News | 29 August 2023
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Residents survey gives Pōneke a tick – but could do better

The annual Wellington Residents Monitoring Survey results are in, and while there are many positives, there is still some work for Wellington City Council to do.

Wellington City from Tinakori Hill on a sunny day

In February 2023, Council gathered feedback from residents through its annual residents survey. Over 2,000 people responded, covering a wide range of topics from city perceptions to satisfaction with facilities and services, and views on governance.  


Full report (1MB PDF)


Results were fairly stable between 2022 and 2023, with 79 percent saying Wellington is a great place to live, work and play, and there are high levels of satisfaction with our facilities (pools, recreation centres, community facilities), open and green spaces (like our parks, waterfront, and the Botanic Gardens), arts and culture events and opportunities in the city, and some of our key services like kerbside rubbish and recycling.  


Governance perceptions including Council decision-making processes, opportunities to participate in decision making, and decisions being made in the best interest of Wellington have seen a slight improvement since 2022.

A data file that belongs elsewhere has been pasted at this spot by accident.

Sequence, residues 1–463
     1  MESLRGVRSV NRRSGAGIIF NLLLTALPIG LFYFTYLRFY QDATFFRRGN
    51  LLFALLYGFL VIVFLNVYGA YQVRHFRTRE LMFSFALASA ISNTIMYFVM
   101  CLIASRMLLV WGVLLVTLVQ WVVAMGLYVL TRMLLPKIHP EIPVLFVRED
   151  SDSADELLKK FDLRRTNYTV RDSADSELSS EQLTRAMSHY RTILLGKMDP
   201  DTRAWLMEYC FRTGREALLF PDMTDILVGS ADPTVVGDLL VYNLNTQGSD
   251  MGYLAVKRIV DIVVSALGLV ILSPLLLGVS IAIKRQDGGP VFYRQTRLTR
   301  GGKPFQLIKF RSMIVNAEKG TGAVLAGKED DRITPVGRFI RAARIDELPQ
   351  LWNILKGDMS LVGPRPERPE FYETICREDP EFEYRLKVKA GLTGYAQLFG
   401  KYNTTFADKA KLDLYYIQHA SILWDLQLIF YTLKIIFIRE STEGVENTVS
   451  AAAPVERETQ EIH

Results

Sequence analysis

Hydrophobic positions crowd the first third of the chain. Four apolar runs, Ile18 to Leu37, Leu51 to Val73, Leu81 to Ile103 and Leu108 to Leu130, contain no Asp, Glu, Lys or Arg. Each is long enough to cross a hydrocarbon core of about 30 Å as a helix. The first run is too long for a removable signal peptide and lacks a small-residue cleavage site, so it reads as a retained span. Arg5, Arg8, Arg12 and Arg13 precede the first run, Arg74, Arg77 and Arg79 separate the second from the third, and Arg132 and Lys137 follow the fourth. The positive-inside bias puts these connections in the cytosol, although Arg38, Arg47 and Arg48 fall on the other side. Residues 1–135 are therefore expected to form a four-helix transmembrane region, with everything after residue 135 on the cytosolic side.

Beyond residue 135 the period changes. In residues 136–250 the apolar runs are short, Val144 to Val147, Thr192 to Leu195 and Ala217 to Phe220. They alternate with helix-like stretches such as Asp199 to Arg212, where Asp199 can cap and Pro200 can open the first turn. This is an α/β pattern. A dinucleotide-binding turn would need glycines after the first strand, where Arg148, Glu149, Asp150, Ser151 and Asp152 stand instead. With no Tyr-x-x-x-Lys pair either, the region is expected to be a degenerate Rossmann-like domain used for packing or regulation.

The survey is an important resource in helping Council make better and informed decisions based on what residents are saying, says Mayor Tory Whanau. 


“While the responses show the Council has areas to improve on, it’s great to see four out of five Wellingtonians surveyed agree the capital is a great place to live, work and play. 


“Pōneke has faced numerous challenges over recent years, but we’re starting to see signs of recovery with consumer spending up, tourism bouncing back, business confidence growing, and there’s a lot of development activity around the city.


“There are also very high levels of satisfaction across our facilities and for work in the arts and culture space, as well as improved perceptions around the recognition and visibility of Māori culture and te Reo in the city, and better communication and engagement levels. 


“There are still some poor results including a decreased sense of pride in our city, and safety concerns in the CBD at night. These are concerns we need to focus on and have set as priorities in our upcoming Long-term Plan. That includes revitalising our city, fixing infrastructure, and ensuring our communities feel safe and connected.  


“Major projects that will also contribute positively to the city’s future include Te Matapihi Central Library, the Town Hall, a new sludge minimisation plant, the cycle lane network, and the Omāroro water reservoir.” 


Since the survey was done earlier in the year, tourism spending is up 40 percent, 231,000 people attended the nine matches at Sky Stadium for the FIFA Women's World Cup 2023™ and more than 65,000 have already been to an event at Tākina. 


Full report available here (1MB PDF)